Doctor_Zhivago_Image4_756_426_81_sAnd so we come to another key scene.  Yuri and Lara have taken refuge in the frozen dacha that belonged to Yuri’s wife’s family.  In the early morning, Yuri sits at his desk writing poems.  Wolves howl at the edge of the property, but inside the frost-starred window, we see the warm glow of Yuri’s candle.  A mere moment of safety, of peace; we know it cannot last.  But the beauty of that moment sustains us. May we all find hope in the glow of Yuri’s humanity.

A Man in our House

You can tell that the director of “A Man in our House,” Henri Barakat, learned his trade in Paris.  Here’s the story:  during the period of British colonial rule, a student radical, Ibrahim Hamdy (played by Omar Sharif)Man in Our House assassinates the Egyptian prime minister.  Beaten by the authorities, he manages to escape with the help of his fellow radicals and takes refuge with an ordinary middle-class family.

The film has the feel of a classic French thriller.  Claustrophobic scenes inside the family’s Cairo apartment alternate with shots of the Egyptian police as they close in on Ibrahim.  The sleazy cousin finds out that the family is harboring a terrorist and threatens to reveal him to the authorities.  A romance blossoms between Ibrahim and Nawal, the youngest daughter.  Of course it ends tragically, with Ibrahim sacrificing himself for the cause.  But freedom is dearer than life, and Nawal understands this.

While the genre is French, the movie’s message is staunchly Egyptian.  Keep in mind that “A Man in our House” was made under Nasser, in response to the ruler’s call for a new nationalist cinema.  Who could resist an opportunity to use film not simply to entertain, but to educate and unite a population?  “The people judged him,” Ibrahim says, justifying the assassination as an act of political protest; “I carried out the execution.”

For all its polemics, Barakat’s attention to the details of daily life gives the film an authentic feel.  We see the family gathering around the dinner table to break their fast during Ramadan.  We observe the rules, spoken and unspoken, governing interactions between the sexes, witness the children’s respect for their parents, the responsibility the father feels for protecting his family even as his nascent patriotism is awakened.  All of this is conveyed so naturally that we forgive “A Man in our House” its melodramatic aspects.  And when the sleazy cousin regains his dignity by identifying with the cause of independence, he explains his sudden change of heart in terms that resonate with the events in Tahrir Square.  “The man I was turning in sacrificed his life for my pride.”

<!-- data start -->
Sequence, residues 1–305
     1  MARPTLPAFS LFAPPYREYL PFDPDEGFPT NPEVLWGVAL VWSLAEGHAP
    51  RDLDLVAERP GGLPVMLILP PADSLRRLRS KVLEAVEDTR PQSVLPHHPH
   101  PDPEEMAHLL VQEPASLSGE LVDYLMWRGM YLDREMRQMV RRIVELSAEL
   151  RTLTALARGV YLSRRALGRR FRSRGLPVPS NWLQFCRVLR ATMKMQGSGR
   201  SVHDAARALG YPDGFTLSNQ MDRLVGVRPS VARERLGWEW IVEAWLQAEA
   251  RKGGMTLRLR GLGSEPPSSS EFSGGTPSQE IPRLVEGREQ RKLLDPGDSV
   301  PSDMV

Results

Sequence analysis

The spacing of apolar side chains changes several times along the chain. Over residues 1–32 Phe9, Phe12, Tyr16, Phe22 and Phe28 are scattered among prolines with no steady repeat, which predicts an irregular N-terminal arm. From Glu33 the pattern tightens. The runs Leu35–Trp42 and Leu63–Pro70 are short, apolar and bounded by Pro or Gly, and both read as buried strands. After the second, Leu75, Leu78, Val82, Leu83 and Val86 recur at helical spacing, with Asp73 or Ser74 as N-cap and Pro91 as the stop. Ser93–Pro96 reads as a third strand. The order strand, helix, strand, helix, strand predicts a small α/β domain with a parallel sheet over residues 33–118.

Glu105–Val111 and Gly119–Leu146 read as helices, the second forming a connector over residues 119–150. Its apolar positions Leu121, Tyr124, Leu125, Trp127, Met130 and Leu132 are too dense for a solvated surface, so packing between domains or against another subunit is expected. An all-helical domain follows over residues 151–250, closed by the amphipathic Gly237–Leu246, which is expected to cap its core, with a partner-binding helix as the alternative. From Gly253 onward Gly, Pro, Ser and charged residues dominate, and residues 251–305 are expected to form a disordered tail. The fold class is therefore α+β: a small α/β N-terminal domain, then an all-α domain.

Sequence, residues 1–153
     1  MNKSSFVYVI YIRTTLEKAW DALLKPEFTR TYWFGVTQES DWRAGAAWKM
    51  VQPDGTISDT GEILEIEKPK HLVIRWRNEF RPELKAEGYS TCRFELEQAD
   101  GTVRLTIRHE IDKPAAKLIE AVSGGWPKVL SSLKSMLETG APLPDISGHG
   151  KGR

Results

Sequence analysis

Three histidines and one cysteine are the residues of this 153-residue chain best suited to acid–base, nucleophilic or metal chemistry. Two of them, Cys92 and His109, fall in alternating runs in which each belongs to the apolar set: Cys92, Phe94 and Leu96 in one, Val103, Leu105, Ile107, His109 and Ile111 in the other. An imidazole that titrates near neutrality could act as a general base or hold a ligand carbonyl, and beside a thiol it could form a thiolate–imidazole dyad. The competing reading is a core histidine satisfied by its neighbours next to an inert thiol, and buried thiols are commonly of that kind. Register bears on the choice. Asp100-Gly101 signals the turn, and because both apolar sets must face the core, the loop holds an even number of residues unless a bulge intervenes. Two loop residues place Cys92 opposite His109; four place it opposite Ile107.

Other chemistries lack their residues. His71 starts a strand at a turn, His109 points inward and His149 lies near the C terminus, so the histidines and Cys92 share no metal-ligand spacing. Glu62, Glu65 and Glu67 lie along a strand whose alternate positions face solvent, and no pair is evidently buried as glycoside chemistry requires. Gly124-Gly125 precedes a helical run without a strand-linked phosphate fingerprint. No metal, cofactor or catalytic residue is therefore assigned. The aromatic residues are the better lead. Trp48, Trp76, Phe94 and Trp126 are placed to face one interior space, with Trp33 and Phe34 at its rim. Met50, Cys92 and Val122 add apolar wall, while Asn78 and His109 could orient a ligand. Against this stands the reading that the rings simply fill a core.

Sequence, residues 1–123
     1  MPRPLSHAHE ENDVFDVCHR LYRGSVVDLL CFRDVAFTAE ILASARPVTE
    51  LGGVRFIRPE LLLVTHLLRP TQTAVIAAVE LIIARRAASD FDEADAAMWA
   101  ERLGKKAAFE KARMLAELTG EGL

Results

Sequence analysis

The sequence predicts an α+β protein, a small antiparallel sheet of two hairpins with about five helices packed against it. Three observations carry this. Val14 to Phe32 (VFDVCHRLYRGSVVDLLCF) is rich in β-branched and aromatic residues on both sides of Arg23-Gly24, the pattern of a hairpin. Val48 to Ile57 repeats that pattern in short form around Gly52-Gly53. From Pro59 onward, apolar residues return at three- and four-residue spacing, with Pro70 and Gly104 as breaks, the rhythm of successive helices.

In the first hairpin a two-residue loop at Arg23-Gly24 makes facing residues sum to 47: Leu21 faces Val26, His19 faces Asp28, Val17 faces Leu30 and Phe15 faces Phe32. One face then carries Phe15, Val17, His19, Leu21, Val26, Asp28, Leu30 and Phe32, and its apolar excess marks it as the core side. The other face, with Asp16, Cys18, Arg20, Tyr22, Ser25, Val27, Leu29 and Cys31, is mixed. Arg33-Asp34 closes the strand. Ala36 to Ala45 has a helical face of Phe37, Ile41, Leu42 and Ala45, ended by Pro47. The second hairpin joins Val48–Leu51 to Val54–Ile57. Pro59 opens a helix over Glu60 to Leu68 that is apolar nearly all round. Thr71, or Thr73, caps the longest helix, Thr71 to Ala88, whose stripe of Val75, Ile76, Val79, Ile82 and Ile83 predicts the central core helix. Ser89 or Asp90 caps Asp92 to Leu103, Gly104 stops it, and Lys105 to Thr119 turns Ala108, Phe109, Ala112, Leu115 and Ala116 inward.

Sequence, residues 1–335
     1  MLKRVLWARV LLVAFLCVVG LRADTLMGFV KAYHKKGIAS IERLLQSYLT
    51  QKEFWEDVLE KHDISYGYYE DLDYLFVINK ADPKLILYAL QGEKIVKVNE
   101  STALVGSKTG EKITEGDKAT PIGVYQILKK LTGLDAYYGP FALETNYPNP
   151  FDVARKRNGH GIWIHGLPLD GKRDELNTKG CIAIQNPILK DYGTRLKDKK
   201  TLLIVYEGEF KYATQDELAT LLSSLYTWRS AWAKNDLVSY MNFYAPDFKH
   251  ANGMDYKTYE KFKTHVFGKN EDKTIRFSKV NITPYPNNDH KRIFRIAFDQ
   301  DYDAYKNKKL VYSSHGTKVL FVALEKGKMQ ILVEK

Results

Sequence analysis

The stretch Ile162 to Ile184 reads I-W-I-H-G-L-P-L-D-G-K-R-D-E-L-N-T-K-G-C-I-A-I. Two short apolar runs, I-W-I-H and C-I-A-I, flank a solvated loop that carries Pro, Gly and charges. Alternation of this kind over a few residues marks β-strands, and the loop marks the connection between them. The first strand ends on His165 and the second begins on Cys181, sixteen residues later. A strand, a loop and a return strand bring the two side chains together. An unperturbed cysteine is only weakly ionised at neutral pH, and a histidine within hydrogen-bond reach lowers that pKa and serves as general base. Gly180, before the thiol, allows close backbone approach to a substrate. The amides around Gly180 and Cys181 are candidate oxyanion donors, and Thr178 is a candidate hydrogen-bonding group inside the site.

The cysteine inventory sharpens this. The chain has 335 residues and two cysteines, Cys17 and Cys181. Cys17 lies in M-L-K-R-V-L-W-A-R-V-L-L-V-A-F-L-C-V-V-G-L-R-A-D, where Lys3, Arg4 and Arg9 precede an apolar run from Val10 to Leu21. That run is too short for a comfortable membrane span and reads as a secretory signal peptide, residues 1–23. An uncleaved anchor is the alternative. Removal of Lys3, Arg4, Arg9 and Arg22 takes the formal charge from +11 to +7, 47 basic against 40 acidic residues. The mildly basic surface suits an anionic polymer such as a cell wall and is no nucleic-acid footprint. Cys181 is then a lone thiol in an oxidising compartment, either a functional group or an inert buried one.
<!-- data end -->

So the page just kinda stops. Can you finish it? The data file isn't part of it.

(20 February 2011)

Monsieur Ibrahim

It’s tempting to view the title character of this film as the last in a progression of Omar Sharifs. The young firebrand of “A Man in our House” makes way for the more reflective, but no less passionate Doctor Zhivago.Ibrahim And here we have the seventy-one-year-old Sharif making peace with his past and handing over the mantle of his successful international acting career to the next generation.

“Monsieur Ibrahim” is a sweet, insubstantial film suffused with nostalgia for a Paris that never was. Kind-hearted prostitutes solicit customers on the well-swept streets of a working-class neighborhood against a soundtrack of sixties rock ‘n roll. There’s a whiff (but just a whiff) of anti-Arab feeling, a backstory involving parental abandonment, a suicide that leaves barely a trace on the adolescent hero’s psyche. Momo’s too busy coming of age to drown in his sorrows, especially since he has Sharif’s Turkish shopkeeper character, Ibrahim, as a surrogate father.

The two go off on a jaunt in a red sports car, to visit Ibrahim’s native land. He shows Momo a couple of churches and a mosque. Then he takes him to watch a Sema ceremony in his own Sufi tradition, dervishes whirling around their hearts, as Ibrahim explains the dance. “They lose all their bearings, that burden we call balance.”

Intriguing notion, but nobody loses their balance in this film. We see Ibrahim absorbed in the dance, but as an observer. A close-up of Sharif’s beautiful face: “They become like torches. They burn in a blazing fire,” he tells Momo. That’s the young Omar Sharif talking. The firebrand, the poet, the lover. But this version renounces the dance, ending his journey in the village he left. ”I’ve arrived,” he says on his deathbed. ”I didn’t know.”

And Momo? He goes back to Paris and takes over the shop.

(26 February 2011)

The Blue Angel

I don’t want to neglect Marlene Dietrich’s performance, or the terrific Heinrich Mann story on which “The Blue Angel” is based, but let me begin with the style of this picture.

Josef von Sternberg had a painter’s eye.  Every scene he directed is composed like an Expressionist work of art.  Take a look at some of Max Beckmann’s etchings.  Dressing Room, for example,

or Café Musik.

Now watch this clip from the film.  There you go, a mini-course on Weimar art and you get to listen to Dietrich sing “Falling in Love Again” as an added bonus.